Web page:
There is a lilting quality to Budapest that changes to crashing crescendos as one visits different parts of this medieval city. Budapest has been prey to many conquerors…the Mongols, the Turks and more recently – the Germans and then the Russians. Now it has been restored to its own people, the Hungarians who arrived to create their first settlement early in the 9th century.
This beautiful city straddling the Danube has much to offer to visitors and residents alike. Not only is it considered the financial hub of central Europe but offers a quality of life that is enjoyed by many.
I recently visited Budapest and spent time wandering the winding streets both in Buda and across the river in Pest. Each side of the river is unique. Pest is the heart of Hungary’s commercial empire with tall buildings, large shopping areas and best of all, an enormous market. There are fabulous bus and tram ways which get you anywhere you wish to go with an efficient get on, get off system.
Buying a pass or travel ticket is easy and advisable – if you get caught without one, dire consequences ensue (on-the-spot fines)! The trams run along the banks of the Danube and offer startling sights of the fabulous Buda Castle and its surrounding of tiered hills lush with greenery. Andrassy Avenue dating back to 1872 and now a World Heritage site is lined with prominent neo-renaissance mansions and luxury boutiques and is the one of the main shopping streets in Budapest. There are the fabled coffee houses strung along the way to tempt you with Hungarian sweet treats and coffees.
Close to Andrassy Avenue is the second largest synagogue in Europe; it is filled with treasures and always mobbed with people! Not too far away is a lovely courtyard adjoining another holy place where a silver weeping willow tree bears the family name on each leaf of a Holocaust victim. The tree was donated by now deceased actor Tony Curtis whose family came from Hungary.
Heroes Square is surrounded by several museums of note – namely the Palace of Art and the Museum of Fine Arts. This enormous square contains bronzed statues of Hungary’s heroes – some mounted on noble steeds dressed in the costumes of their time period. It is well worth an effort to walk around and read about the many triumphs of these masters of war and chivalry – especially the seven Magyar chieftains who entered the Carpathian basin and founded the Hungarian nation.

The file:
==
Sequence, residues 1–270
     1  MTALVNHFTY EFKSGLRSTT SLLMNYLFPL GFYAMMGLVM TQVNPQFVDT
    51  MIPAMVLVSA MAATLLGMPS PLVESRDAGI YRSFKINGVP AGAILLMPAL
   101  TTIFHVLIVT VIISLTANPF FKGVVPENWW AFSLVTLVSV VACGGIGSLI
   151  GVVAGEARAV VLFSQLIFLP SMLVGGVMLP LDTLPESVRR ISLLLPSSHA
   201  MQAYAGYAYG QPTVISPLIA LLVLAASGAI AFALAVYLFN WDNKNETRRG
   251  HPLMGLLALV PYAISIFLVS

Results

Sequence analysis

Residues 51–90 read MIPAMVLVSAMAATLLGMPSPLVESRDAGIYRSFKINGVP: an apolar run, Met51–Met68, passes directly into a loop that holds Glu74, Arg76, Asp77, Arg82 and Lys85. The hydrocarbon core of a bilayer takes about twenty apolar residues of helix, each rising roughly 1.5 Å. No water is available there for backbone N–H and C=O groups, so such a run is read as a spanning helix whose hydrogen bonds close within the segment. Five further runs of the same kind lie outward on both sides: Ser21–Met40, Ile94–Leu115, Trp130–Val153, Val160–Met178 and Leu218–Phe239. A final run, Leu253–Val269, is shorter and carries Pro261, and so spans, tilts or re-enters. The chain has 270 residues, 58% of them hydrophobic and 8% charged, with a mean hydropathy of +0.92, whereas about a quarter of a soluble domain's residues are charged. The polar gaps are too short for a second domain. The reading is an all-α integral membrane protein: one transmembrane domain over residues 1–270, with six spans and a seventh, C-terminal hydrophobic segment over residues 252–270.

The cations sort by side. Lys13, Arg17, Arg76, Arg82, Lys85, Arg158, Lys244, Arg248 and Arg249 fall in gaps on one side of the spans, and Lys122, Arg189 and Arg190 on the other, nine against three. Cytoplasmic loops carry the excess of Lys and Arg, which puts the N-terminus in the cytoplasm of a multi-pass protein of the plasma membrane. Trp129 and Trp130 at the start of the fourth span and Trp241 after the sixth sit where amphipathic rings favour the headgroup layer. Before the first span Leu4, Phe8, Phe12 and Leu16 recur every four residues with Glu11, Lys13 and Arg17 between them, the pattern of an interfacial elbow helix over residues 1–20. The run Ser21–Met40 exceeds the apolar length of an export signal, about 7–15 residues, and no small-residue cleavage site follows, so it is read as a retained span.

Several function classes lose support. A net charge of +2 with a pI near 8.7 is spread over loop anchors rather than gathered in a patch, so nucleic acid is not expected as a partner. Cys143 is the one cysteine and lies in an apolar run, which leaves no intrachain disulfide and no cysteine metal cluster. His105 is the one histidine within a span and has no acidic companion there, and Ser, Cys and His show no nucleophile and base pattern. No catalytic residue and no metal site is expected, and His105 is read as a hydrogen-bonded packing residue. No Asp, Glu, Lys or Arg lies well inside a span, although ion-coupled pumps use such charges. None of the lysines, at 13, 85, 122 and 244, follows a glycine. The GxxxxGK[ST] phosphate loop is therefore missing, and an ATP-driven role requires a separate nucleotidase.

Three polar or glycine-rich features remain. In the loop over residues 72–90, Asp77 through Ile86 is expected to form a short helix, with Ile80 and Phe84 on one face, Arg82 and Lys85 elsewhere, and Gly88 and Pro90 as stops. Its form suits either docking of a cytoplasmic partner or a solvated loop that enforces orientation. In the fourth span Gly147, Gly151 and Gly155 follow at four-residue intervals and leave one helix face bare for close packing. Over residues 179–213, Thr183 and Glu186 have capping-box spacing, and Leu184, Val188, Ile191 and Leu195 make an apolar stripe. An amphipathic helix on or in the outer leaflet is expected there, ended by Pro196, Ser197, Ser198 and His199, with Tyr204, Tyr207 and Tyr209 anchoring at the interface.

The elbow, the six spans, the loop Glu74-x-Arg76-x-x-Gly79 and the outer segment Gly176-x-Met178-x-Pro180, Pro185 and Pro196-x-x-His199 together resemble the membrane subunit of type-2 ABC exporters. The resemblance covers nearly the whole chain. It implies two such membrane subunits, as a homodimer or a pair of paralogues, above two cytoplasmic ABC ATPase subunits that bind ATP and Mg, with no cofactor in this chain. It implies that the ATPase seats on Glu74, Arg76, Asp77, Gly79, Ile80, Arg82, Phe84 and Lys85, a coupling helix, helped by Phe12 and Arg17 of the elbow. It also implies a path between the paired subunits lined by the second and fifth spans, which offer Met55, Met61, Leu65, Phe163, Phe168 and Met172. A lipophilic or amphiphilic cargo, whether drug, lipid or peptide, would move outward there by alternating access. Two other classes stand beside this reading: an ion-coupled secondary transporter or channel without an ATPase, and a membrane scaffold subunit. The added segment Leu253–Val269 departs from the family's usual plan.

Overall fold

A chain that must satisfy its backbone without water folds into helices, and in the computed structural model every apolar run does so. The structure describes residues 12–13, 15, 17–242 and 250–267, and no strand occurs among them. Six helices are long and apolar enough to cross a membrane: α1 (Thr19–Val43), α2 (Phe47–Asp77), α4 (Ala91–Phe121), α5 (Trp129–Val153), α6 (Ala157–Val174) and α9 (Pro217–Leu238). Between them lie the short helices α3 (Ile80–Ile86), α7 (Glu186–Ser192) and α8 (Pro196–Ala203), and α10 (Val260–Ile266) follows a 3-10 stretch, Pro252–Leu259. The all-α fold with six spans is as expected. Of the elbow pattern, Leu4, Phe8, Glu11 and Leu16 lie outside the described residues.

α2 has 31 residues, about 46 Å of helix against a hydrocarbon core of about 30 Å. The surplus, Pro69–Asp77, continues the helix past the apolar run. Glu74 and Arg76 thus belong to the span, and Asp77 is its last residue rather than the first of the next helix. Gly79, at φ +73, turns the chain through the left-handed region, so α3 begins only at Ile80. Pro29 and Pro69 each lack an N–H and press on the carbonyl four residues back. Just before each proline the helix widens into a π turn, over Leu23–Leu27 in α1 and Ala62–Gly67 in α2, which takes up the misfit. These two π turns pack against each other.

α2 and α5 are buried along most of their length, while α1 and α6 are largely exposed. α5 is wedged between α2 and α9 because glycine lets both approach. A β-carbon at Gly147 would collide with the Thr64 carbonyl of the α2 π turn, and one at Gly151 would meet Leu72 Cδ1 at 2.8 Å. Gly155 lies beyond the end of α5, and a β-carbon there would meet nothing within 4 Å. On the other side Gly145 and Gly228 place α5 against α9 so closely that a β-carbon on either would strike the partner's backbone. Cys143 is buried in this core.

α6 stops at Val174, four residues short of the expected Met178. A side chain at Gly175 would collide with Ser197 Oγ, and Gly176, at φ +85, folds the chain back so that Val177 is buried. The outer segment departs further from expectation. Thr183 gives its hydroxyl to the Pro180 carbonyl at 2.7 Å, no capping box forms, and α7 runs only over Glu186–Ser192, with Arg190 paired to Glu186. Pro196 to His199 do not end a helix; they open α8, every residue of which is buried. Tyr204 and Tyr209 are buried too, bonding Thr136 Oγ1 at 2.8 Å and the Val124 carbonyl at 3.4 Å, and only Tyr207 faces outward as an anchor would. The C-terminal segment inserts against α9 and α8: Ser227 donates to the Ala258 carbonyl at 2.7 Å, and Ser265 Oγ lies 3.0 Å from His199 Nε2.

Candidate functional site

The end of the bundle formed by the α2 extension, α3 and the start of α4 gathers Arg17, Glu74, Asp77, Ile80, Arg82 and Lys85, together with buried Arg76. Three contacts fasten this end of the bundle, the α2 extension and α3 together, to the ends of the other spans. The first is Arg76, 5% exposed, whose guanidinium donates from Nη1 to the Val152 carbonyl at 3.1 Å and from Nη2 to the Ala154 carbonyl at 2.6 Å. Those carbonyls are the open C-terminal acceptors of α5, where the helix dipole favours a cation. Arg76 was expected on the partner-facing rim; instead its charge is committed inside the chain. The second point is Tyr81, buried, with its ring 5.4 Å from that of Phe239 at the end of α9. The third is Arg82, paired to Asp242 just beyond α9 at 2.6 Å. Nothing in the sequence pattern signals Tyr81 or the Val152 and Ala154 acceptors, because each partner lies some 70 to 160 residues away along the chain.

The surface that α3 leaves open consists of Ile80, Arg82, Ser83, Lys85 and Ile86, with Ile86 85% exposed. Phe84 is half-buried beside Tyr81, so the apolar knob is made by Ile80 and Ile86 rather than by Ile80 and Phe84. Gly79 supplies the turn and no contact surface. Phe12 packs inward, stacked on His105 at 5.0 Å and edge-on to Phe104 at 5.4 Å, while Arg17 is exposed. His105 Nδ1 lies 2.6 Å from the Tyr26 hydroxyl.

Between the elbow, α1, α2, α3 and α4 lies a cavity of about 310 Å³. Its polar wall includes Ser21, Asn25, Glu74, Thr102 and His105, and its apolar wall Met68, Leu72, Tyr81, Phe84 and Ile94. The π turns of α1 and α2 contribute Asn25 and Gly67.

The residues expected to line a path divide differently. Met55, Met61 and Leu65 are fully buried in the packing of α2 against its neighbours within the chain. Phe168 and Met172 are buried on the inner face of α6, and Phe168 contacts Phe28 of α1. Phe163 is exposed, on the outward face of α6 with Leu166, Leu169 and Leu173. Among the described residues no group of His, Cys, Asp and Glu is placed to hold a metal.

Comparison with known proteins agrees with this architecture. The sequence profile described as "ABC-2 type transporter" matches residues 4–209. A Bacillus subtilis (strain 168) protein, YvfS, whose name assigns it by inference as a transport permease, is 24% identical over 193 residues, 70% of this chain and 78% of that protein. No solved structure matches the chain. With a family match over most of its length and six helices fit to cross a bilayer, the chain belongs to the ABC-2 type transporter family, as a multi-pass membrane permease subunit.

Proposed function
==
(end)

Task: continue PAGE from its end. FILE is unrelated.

Because of the geothermal springs and the world’s largest thermal water cave system, there are a multitude of bathhouses in Budapest. Enjoying the relaxation and health giving waters of these springs is a must and thanks must be given to the Turks in the 17th century who built the baths for their own enjoyment, a custom that has been passed on through many generations. It is a wonderful experience to let the waters flow softly over one’s body and feel the relaxation spreading through every cell!
The Great Market which sometimes is referred to as ‘a symphony in iron’, has three floors of delightful stalls. Traders in meat, fish, poultry, vegetables, fruit, cheese and butter showcase their wares. Oh how I yearned to have a stove so I could have cooked the beef and quail myself! Coffee stalls and wine emporiums join the glorious cacophony of sight and sounds as you wander through this veritable paradise
Another fabulous property is the Four Seasons Hotel (formerly the Gresham Palace). Built in 1906 it has now been restored to its Art Nouveau and Secessionist grandeur. The glass mosaics, stained glass windows, wrought iron railings and peacock gates were all created by talented Hungarian artists and craftspeople.
Over the Chain Bridge is the more ancient Buda. Here the greenery seems to shoot up into the sky as if guarding Buda Castle and the city that has grown up around it. Yellows and blue, green and red are painted on the homes some of which were built hundreds of years ago. Here is found a lilting quality of life as people seem to slow down on this side of the Danube. It is the home to many artists, writers and those who create pictures from their hearts.
Exploring Buda Castle and the labyrinth below is exciting. The castle first built in the 1200’s has gone through repeated destruction and rebuilding by the Hungarians, the Ottomans and the Palantines. But now it is totally restored and houses several museums and the National Gallery. You can wander from room to room enjoying the paintings and furniture from earlier times while down below in the labyrinth the stalactites and stalagmites hang from jagged rocks or pierce up into the murky depths. Such a contrast to the beauty above ground!
Although I was fortunate to stay at a friend’s loft in Budapest I did find a great hotel that I would like to stay at when I revisit this wonderful city. The Lokat Inn is on the Buda side. Another option, the Mercure, is centrally located and appeals to business travelers. I would like to thank the front desk staff at the Mercure, Budapest Duna who were so helpful in answering my questions and providing logistical advice.
To get there:
By train from all major European cities
By air: Lufthansa, Cheapair.com, Wizz Air
By road: Get a map!
The Four Seasons Hotel, 1055 Budapest, Bajcsy-Zsilinszky Way 12
Lokat Inn, Misenska 12, Praha 1
Mercure Budapest Duna, H-1095 Budapest, Soroksari ut 12